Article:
The Repositories Support Project is hosting a workshop on “building a national network” at the Open Repositories 2012 (OR2012) conference, on Monday July 9th, 1:30pm. This workshop will showcase research repositories in UK higher education. It would demonstrate how widespread the network is, how coordinated the UK is as a community, what the Repositories Support Project has done to encourage this, the role of United Kingdom Council of Research Repositories and what JISC has done in terms of a national approach to support and development.

Delegates from outside the UK will have the opportunity to get an in depth understanding of the repository network in the UK and also to talk to repository staff about their experiences.

Workshop outline

  •   Introduction by JISC to the programmes which have supported repository development over the last seven years and to future plans for repository development and support in the UK – including the UKRepositoryNet+ service.
  • Examples of JISC funded Support projects: SHERPA and RSP
  • Support for institutions: the University of Glasgow case study
  • The role of UKCoRR (United Kingdom Council of Research Repositories)
  • There will then be a number of concurrent sessions where UK staff will use their institutions as a case study to engender discussion about what can be achieved. They will focus on two main themes:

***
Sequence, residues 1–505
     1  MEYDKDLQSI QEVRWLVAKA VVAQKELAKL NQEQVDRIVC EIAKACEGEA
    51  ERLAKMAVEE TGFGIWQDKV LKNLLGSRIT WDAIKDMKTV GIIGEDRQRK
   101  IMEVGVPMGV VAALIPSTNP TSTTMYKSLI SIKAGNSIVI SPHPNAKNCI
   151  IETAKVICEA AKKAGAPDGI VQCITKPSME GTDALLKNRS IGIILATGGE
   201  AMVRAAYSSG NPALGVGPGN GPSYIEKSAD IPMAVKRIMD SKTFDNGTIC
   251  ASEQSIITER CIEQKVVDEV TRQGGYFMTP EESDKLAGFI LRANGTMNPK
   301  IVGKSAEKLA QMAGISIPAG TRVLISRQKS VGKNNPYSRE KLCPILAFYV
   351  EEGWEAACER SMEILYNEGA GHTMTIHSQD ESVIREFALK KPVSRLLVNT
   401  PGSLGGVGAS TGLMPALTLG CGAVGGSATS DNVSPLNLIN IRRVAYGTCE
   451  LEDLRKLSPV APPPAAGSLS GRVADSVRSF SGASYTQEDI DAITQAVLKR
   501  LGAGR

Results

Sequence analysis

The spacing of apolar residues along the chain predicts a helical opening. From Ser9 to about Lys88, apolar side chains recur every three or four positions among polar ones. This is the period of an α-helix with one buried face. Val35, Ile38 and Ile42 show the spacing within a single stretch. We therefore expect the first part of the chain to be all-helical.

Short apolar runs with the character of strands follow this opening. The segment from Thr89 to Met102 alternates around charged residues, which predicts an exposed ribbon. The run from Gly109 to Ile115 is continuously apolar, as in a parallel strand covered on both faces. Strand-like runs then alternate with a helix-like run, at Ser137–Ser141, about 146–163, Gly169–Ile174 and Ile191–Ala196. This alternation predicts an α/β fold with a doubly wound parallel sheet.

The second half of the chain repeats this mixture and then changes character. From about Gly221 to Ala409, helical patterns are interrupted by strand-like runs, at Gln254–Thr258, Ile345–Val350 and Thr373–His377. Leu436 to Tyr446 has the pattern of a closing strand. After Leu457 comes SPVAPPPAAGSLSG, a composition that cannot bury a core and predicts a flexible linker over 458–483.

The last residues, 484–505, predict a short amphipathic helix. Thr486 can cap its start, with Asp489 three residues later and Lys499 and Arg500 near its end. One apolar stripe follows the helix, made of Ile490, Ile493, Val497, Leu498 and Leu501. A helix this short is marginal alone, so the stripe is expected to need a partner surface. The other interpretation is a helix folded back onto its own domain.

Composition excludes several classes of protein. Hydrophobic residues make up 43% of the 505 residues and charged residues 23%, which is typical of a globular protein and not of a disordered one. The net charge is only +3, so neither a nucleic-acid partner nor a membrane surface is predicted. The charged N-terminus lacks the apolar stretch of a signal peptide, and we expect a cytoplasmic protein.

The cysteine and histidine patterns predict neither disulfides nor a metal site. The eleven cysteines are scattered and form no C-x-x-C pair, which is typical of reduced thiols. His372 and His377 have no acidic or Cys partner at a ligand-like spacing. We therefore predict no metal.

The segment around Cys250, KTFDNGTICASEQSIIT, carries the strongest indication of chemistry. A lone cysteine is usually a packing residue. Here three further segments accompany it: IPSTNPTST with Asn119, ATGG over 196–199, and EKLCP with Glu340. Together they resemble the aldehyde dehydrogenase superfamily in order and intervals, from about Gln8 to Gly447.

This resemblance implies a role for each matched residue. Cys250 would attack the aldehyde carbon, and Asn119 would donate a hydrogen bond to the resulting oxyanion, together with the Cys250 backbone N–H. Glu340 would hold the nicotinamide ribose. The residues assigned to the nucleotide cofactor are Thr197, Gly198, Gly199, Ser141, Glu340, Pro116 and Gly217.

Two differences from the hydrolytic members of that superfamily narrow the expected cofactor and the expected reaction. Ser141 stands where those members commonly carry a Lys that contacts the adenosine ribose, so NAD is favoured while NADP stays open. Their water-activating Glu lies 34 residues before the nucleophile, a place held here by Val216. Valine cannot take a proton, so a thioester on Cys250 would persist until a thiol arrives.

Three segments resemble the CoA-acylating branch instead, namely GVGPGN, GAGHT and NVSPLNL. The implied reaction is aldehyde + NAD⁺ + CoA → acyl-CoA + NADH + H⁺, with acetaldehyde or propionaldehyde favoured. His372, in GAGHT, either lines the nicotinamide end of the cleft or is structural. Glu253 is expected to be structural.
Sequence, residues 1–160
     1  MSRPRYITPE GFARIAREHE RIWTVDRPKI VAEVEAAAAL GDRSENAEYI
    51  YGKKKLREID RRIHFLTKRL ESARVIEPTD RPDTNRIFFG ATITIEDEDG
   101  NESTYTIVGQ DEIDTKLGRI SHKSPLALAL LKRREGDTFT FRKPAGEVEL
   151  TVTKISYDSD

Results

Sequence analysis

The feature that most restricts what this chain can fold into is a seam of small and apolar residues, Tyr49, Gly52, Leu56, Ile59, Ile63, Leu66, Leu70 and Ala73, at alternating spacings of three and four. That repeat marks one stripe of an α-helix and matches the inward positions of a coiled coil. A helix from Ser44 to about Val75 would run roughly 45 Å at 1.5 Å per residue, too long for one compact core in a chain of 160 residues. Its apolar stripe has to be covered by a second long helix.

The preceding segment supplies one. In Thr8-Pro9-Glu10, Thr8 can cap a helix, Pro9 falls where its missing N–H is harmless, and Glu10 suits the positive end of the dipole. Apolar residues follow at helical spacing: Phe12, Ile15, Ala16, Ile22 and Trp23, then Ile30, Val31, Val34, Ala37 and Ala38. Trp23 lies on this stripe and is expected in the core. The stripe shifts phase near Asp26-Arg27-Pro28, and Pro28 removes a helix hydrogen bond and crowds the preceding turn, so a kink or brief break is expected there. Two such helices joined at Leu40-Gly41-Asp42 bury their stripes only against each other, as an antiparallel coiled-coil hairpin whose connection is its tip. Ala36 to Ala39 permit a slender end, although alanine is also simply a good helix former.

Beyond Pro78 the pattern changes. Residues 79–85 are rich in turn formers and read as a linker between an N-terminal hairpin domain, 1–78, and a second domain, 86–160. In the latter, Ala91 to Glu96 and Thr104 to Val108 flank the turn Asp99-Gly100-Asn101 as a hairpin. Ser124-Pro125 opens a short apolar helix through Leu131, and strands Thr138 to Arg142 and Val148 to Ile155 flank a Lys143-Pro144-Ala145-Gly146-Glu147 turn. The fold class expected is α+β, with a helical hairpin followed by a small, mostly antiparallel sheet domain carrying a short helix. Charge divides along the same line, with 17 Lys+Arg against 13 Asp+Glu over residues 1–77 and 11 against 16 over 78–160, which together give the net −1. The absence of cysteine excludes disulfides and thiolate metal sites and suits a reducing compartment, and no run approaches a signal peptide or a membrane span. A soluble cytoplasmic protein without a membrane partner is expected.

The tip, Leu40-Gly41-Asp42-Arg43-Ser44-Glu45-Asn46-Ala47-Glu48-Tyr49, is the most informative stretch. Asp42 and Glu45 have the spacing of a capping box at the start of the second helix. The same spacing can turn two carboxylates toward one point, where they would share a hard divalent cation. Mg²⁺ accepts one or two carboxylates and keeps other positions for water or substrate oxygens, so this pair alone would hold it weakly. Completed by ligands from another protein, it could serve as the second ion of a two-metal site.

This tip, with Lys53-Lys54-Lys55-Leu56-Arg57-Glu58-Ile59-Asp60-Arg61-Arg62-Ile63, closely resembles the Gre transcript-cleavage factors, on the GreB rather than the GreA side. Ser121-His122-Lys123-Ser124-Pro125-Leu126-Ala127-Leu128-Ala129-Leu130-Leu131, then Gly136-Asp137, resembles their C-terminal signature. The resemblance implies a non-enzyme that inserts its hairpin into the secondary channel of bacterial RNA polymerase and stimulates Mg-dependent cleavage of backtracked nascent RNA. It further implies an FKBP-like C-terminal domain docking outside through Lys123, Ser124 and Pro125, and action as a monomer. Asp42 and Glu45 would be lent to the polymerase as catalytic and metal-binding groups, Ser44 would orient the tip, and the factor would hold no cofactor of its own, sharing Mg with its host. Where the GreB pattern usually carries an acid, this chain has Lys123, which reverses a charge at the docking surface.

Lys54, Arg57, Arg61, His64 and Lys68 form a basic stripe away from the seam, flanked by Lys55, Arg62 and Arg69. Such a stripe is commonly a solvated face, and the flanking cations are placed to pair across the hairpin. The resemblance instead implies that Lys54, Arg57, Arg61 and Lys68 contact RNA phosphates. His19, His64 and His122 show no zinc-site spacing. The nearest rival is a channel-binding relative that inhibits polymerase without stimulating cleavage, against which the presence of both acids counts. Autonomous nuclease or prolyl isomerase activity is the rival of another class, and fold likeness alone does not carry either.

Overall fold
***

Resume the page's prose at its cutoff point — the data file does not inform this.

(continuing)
•  The integration of research repositories with university systems, processes and policies especially those connected with research management.
    •  Projects and initiatives to promote the repository within the institution in order to increase the deposit of full text items. This will have multi-disciplinary focus and include arts and humanities content as well as STEM subjects.

Register here

Contact: Jackie Wickham [Jacqueline.wickham@nottingham.ac.uk], RSP Coordinator, tel:0115 8466389

Scholarly Communications: New Developments in Open Access

On the first day of June, the Wren room, at the Royal Institute of British Architects (RIBA), was filled since early in the morning with librarians, repositories specialists, research officers and copyright consultants, who came to attend the Repositories Support Project (RSP) event on scholarly communications and open access.

Photo of the Wren room balcony during the tea/coffee break